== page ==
Northern Vietnam gets fewer visitors than Ho Chi Minh City (Saigon) and the coastal cities in the south, but it's full of culture. Historically, and to this day, it has been significantly poorer than the southern part of the country. Cultural and political differences remain strong - the language is pronounced differently in some ways, and there's definitely a more authoritarian feel in the cities.
The largest city in northern Vietnam is the capital of Hanoi, and it's the only attractive one. But there are numerous other sites, such as Ha Long Bay, the mountain resort of Sapa, and the historical battlefield of Dien Bien Phu.
- 1 Cao Bang
- 2 Haiphong
- 3 Ha Giang
- 4 Hanoi
- Lai Chau
- 5 Lao Cai
- Lang Son
- 6 Ninh Binh - unremarkable city with Tam Coc area nearby, which is famous for Ha Long Bay-like karst scenery along the river
- 7 Tam Dao - a town on mountain in Vinh Phuc province
- 8 Vinh
- Vinh Phuc
- Phu Tho
- Yen Bai
- Tuyen Quang
- Bac Giang
- Hung Yen
- Ba Be National Park - sceneric mountains and lakes
- Bac Ha - hilltribe markets near the Chinese border
- Bắc Kạn - place of the beautiful Ba Bể Lake, meaning three combined lakes.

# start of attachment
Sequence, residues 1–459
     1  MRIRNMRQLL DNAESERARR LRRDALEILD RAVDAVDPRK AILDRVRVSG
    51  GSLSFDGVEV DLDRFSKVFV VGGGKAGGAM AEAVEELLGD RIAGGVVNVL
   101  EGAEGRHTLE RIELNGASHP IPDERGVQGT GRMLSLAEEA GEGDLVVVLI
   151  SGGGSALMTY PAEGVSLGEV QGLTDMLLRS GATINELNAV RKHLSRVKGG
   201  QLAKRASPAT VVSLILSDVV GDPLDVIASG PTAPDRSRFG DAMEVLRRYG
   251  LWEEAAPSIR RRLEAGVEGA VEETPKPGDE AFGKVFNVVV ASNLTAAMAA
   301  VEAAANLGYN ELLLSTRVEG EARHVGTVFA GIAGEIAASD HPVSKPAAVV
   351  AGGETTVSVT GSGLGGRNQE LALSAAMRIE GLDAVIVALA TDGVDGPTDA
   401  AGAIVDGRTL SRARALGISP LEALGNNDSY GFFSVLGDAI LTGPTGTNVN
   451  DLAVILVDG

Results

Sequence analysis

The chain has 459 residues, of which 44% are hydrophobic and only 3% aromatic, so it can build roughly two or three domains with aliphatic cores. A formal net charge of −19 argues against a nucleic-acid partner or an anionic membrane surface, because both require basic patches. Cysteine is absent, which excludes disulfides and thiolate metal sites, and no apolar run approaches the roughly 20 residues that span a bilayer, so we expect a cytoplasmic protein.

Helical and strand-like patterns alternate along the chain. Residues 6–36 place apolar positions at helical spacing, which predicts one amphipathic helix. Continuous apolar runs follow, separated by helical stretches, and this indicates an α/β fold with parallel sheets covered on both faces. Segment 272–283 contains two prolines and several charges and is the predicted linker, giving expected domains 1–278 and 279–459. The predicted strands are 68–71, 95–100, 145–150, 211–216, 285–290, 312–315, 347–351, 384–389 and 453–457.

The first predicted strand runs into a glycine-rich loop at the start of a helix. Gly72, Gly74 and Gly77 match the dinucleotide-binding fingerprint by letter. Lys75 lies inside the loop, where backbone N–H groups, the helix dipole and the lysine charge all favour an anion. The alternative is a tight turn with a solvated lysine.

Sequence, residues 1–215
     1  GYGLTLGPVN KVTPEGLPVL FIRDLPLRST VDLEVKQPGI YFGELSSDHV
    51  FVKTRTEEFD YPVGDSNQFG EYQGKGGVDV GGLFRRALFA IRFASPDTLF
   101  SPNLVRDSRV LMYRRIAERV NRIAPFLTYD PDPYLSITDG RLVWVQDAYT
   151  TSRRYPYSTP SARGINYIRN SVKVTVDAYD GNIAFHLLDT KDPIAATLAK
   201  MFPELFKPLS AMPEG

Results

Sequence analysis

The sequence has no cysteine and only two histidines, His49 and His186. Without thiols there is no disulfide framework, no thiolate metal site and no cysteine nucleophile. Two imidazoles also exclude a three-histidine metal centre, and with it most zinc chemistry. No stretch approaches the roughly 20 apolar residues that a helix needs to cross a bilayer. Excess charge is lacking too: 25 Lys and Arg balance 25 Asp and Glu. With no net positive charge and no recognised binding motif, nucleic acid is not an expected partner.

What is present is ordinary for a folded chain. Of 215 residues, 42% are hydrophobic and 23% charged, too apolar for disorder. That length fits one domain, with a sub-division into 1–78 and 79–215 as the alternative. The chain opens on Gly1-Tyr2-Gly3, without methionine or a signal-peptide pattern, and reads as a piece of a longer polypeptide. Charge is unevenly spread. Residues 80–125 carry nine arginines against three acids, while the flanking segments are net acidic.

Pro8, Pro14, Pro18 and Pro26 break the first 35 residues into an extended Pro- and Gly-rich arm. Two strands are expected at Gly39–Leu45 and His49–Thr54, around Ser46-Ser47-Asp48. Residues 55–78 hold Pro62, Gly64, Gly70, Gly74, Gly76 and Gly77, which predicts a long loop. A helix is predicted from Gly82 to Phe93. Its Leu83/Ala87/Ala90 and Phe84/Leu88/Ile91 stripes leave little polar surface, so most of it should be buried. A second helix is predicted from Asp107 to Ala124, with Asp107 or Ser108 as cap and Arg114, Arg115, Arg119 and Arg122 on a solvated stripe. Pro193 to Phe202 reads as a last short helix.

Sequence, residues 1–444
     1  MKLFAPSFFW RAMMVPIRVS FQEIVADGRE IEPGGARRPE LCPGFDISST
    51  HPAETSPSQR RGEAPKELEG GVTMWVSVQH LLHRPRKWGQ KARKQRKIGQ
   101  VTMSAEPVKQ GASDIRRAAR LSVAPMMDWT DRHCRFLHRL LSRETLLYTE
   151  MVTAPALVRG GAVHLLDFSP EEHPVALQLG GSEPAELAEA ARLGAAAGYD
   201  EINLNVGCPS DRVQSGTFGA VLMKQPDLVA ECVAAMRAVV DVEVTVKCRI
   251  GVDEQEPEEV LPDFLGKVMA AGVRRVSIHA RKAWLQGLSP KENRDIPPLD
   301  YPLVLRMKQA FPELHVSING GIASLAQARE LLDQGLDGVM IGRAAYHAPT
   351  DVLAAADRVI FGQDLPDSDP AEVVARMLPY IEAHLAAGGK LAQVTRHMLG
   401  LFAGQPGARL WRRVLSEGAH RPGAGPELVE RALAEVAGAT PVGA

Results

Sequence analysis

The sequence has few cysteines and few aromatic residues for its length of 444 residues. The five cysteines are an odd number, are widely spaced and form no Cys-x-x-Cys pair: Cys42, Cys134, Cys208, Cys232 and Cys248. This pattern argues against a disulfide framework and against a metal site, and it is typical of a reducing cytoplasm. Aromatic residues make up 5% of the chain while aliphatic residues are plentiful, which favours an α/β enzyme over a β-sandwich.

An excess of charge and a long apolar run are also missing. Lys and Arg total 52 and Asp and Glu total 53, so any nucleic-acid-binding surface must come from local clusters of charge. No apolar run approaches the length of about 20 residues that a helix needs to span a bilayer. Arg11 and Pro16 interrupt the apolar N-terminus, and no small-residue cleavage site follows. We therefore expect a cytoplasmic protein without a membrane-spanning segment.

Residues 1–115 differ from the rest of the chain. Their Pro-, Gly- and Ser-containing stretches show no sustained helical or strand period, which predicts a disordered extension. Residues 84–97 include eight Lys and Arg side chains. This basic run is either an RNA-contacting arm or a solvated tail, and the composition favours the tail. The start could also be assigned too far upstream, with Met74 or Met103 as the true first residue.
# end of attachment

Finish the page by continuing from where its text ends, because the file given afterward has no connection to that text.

- Co To Island
- Cuc Phuong National Park
- Dien Bien Phu - site of the French defeat in 1954
- Dong Dang - on the border with China
- Dong Van - Dong Van Karst Plateau Geopark
- Ha Long Bay - a world-famous natural wonder
- Sa Pa - popular site for visiting indigenous tribes
Cycling is a niche but growing activity in Northern Vietnam, progressively getting more challenging the farther you venture out of Hanoi. During your ride, you will be distracted by dense jungle, misty hills and mountains and gorgeous rice terraces. But to explore the region to its fullest, you ought to be an experienced peddler. If you are skilled and brave enough, make sure to ride along the jaw-dropping Mã Pí Lèng Pass between the towns of Dong Van and Meo Vac.
- Most local markets in the north of Vietnam take place on a particular day each week. For example, Dong Van Market and Can Cau Markets take place on Saturday or Sunday. The markets open at 5AM and close at 3 to 4PM. Ethnic peoples, such as the Hmong, Dzao, Tay, Lo Lo and Tu Di, go to the market from the early morning on by foot, horse and motorbike. They travel in families and groups of young girls and boys in their most colorful clothes. Even if don't sell all of their products, they still meet their old friends and have a chance to drink, chat or share their life stories. Some other markets are exceptional: They are “backward markets”! They take place every 6 days, calculated by the Lunar Calendar.
If you visit the wild nature next to the Chinese border, not many animals are dangerous. But a few wild cats are seen now and then in the nature reserves, like the Asian Golden Cat.